“There’s lots going on here,” said Olivia Cheung of the Treasure Green Tea Company, which has been on the block since 1981. “It’s vibrant from the morning all the way to midnight. We have a pub and a restaurant right in the middle.”

That restaurant is Mamie Taylor’s, which took over a space formerly occupied by the Keefer Bakery.

Co-owner Simon Kaulback said he decided to open in Chinatown three years ago because it was close to downtown and offered a chance to get a big space with lots of character.

“We were a couple of foolish white guys opening a restaurant in Chinatown — a lot of people thought we were kind of crazy,” he said. “(But) we absolutely love the neighbourhood. We love the uniqueness of it, we love the sense of community that we’ve been welcomed into.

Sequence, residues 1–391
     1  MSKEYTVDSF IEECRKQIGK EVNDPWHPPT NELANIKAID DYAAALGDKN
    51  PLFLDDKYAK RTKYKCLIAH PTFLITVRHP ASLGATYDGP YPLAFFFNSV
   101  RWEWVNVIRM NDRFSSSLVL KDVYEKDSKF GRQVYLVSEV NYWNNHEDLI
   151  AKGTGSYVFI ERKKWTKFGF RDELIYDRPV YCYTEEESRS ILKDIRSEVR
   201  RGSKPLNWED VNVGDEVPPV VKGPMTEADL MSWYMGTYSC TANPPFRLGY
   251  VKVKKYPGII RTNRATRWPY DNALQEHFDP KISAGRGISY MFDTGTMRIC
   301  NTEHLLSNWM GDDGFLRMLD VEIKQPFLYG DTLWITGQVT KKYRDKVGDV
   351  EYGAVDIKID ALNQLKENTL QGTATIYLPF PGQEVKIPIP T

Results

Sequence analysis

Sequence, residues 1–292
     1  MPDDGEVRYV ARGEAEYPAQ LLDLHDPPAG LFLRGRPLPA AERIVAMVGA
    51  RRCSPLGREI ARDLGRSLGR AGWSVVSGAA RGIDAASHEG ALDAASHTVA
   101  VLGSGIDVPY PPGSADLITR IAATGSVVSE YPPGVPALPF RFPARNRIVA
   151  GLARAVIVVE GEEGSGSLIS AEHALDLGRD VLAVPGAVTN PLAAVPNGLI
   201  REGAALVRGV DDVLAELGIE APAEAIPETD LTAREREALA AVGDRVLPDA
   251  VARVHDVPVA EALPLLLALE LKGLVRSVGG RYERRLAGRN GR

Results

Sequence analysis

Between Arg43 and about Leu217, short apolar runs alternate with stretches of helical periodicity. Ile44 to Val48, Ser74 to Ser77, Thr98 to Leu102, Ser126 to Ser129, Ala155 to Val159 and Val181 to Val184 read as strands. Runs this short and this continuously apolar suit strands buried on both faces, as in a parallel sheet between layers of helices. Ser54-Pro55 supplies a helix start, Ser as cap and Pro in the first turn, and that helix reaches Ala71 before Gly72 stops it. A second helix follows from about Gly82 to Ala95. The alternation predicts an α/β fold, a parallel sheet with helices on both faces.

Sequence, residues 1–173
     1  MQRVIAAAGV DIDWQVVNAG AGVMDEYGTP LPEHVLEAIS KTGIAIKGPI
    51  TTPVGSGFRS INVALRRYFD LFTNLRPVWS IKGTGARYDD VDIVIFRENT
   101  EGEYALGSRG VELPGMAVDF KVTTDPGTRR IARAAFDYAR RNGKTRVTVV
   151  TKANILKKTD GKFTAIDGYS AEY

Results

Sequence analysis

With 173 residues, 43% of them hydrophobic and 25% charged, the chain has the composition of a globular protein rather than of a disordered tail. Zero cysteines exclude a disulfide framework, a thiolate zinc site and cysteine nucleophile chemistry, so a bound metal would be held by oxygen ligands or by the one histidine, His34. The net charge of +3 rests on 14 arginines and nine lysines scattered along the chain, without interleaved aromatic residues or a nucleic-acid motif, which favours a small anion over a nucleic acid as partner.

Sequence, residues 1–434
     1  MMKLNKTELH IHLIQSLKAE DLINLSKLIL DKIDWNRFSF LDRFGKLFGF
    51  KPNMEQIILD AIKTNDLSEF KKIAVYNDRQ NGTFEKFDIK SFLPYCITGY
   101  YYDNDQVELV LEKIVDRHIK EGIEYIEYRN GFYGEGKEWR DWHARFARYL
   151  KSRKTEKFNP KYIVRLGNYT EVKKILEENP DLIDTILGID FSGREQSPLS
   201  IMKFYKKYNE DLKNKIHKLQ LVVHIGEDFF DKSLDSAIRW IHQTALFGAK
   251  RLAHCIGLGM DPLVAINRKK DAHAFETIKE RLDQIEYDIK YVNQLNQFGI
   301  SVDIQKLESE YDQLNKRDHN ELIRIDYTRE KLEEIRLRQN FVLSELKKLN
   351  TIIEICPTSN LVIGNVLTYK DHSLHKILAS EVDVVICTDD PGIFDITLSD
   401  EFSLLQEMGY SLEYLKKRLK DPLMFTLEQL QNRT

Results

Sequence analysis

“When we were reaching the end of our construction, the owners from Phnom Penh came over and said, ‘Hey, come with us.’ (The owner) took us around the neighbourhood and introduced us to the owners of Gar Lok Seafood, to the owners of Carley B.B.Q, to the owners of Tin Lee Supermarket, and said, ‘These are good guys, they’re opening up, let’s do business with them.’

“And ever since then, every single chicken we’ve sold in the restaurant has come from next door at Carley B.B.Q. A lot of our seafood comes from across the street, and a lot of our produce comes from across the street.”

Carley B.B.Q.’s manager Ken Su welcomes the new businesses.

“Change is better,” said Su. “Lots of different people are coming (to the block).”

That said, most of his customers last week were older Chinese, not young hipsters.

“They come from Coquitlam, Surrey, Richmond,” said Su. “We know the customers for a long time.”

The 200-block East Georgia is a one-block wonder: Georgia ends at Main to the west and at Gore to the east. This is because the entrance to the first Georgia Viaduct used to be at Main and Georgia, and the Maclean Park social housing project was built on the 300-block East Georgia in the 1960s.